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Trump blasts Fed again as 'only problem' in U.S. economy

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By Reuters
Trump blasts Fed again as 'only problem' in U.S. economy
FILE PHOTO: The Federal Reserve building is pictured in Washington, DC, U.S., August 22, 2018. REUTERS/Chris Wattie/File Photo GLOBAL BUSINESS WEEK AHEAD   -   Copyright  Chris Wattie(Reuters)

By Jason Lange

WASHINGTON (Reuters) – President Donald Trump blasted the Federal Reserve on Monday, describing it as the “only problem” for the U.S. economy, as top officials discussed a rout in stock markets caused in part by the president’s feud with the central bank.

Stocks fell again at the open on Monday amid concern about slowing economic growth, the government shutdown and reports that Trump had discussed firing Federal Reserve Chairman Jerome Powell.

U.S. stocks have dropped sharply in recent weeks on concerns over weaker economic growth, with the S&P 500 index <.SPX> on pace for its biggest percentage decline in December since the Great Depression.

In a tweet that did nothing to ease market concerns about the Fed’s cherished independence, Trump laid the blame for economic headwinds firmly at the feet of the central bank.

“The only problem our economy has is the Fed. They don’t have a feel for the market,” Trump said on Twitter. “The Fed is like a powerful golfer who can’t score because he has no touch – he can’t putt!”

Trump has frequently criticized the Fed’s raising of interest rates this year.

The Trump administration arranged a phone call on Monday with top U.S. regulators to discuss financial markets, the Treasury Department said. Treasury Secretary Steven Mnuchin was to host the call with the president’s Working Group on Financial Markets, known colloquially as the “Plunge Protection team.”

Bloomberg News said regulators told Mnuchin on the call that nothing is out of the ordinary in the markets. Mnuchin also made calls to top U.S. bankers on Sunday and got reassurances that banks were still able to make loans, the Treasury said.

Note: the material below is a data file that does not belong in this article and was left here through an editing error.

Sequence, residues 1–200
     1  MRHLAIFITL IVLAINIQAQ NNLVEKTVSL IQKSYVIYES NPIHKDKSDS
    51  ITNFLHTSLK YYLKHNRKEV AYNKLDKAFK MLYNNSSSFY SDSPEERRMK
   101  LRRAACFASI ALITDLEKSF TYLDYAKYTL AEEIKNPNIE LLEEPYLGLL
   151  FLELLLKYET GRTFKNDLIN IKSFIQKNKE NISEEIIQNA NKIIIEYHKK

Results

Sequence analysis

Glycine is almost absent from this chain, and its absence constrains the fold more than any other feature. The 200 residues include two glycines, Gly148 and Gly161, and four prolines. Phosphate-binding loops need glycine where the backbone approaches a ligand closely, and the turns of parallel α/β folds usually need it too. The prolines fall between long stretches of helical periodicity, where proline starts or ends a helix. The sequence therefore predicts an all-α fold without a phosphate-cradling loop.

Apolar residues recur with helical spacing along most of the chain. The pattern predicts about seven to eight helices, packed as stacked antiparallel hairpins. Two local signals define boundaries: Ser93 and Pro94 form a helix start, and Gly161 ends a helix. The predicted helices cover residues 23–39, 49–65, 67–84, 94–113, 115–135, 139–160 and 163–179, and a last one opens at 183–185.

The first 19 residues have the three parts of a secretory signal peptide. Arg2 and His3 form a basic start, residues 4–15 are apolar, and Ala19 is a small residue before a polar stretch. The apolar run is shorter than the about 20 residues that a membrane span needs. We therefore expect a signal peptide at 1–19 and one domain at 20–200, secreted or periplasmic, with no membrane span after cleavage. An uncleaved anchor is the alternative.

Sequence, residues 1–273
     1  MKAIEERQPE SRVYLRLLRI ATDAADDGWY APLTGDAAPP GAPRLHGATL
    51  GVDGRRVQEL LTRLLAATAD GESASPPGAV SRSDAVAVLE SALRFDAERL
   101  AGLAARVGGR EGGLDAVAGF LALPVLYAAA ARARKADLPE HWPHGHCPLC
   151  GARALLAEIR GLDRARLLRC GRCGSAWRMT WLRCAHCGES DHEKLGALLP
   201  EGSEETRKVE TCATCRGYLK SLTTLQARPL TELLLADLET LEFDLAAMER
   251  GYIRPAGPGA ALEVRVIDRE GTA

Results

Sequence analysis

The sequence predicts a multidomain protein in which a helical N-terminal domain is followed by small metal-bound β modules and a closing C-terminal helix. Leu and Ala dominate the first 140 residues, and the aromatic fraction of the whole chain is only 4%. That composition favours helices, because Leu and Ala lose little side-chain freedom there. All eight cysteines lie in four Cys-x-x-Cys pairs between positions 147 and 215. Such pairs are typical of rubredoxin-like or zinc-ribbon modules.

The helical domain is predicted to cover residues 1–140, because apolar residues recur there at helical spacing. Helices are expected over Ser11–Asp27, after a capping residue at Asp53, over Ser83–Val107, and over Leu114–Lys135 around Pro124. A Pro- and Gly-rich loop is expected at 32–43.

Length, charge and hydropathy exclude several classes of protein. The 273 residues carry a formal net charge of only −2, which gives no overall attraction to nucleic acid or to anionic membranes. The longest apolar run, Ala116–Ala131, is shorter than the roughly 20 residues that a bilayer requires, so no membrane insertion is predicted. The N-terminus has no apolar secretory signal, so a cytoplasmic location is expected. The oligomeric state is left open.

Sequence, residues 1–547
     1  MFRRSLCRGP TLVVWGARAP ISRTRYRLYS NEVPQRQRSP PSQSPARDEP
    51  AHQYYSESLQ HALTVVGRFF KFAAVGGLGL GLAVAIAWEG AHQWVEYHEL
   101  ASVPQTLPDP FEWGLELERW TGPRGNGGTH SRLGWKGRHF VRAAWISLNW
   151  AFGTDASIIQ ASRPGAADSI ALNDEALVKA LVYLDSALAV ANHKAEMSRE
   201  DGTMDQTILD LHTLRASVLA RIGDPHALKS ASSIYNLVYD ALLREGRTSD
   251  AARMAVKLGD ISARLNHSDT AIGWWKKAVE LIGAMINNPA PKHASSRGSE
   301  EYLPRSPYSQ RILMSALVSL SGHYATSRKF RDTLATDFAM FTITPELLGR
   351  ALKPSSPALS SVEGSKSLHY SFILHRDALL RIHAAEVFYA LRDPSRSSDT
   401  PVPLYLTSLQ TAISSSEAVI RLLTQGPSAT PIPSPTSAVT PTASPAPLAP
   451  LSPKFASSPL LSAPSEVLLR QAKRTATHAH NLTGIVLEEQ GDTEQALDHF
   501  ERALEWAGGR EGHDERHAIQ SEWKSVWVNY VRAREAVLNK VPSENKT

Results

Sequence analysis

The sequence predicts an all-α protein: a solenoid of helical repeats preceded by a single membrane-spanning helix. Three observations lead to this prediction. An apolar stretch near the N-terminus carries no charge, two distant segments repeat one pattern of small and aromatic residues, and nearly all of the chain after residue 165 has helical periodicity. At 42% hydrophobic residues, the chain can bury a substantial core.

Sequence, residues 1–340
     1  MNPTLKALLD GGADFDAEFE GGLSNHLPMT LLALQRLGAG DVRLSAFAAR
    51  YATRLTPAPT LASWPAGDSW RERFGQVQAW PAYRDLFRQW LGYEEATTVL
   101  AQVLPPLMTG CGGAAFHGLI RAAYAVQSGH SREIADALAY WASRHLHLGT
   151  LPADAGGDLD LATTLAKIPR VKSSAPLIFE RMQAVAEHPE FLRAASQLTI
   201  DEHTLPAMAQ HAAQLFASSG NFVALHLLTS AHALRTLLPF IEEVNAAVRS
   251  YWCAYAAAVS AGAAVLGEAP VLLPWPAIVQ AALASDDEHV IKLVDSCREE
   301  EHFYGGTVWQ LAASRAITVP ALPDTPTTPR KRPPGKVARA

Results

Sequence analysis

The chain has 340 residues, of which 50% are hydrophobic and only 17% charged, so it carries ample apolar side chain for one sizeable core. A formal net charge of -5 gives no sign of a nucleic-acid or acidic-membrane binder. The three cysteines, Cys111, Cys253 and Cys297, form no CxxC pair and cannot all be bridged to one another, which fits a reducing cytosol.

If Mnuchin’s efforts to poll the top banks on their financial health and convene a call of a group of officials who typically meet to address a crisis was meant to soothe markets, that was not evident early on Monday. Wall Street initially traded sharply lower in a shortened session ahead of Tuesday’s Christmas holiday.

All the 11 major S&P 500 sectors were lower, and all the 30 components of the Dow Industrials <.DJI> were in the red.

However, trading volumes were muted, with markets closing at 1 p.m. ET (1800 GMT) ahead of the Christmas holiday and by midmorning the major averages were well off their lows.

FIRINGPOWELL? Wall Street is closely following reports that Trump has privately discussed the possibility of firing Powell. Mnuchin said on Saturday that Trump told him he had “never suggested firing” Powell. Markets are also concerned about a partial government shutdown that began on Saturday following an impasse in Congress over Trump’s demand for more funds for a wall on the border with Mexico. Defense Secretary Jim Mattis’ resignation on Thursday after Trump’s surprise decision to pull U.S. troops out of Syria also unsettled investors.

A statement by Mnuchin on Sunday about his conversation with the banks and plans to convene the so-called Plunge Protection team “was not especially comforting, however, given that investors had not generally been questioning market functioning in recent days, despite large declines,” Nick Bennenbroek, currency strategist at Wells Fargo in New York, wrote in a note to clients.

The Working Group dates to March 1988 when Washington was still trying to figure out what was behind the “Black Monday” stock market crash of October 1987.

The team was also convened during the 2007-09 financial crisis.

Powell is a member of the Working Group, as are the heads of the Securities and Exchange Commission and the Commodity Futures Trading Commission. Mnuchin has also invited representatives from the Comptroller of the Currency and the Federal Deposit Insurance Corporation to participate in the call.

(Reporting by Jason Lange; Editing by Alistair Bell and Jonathan Oatis)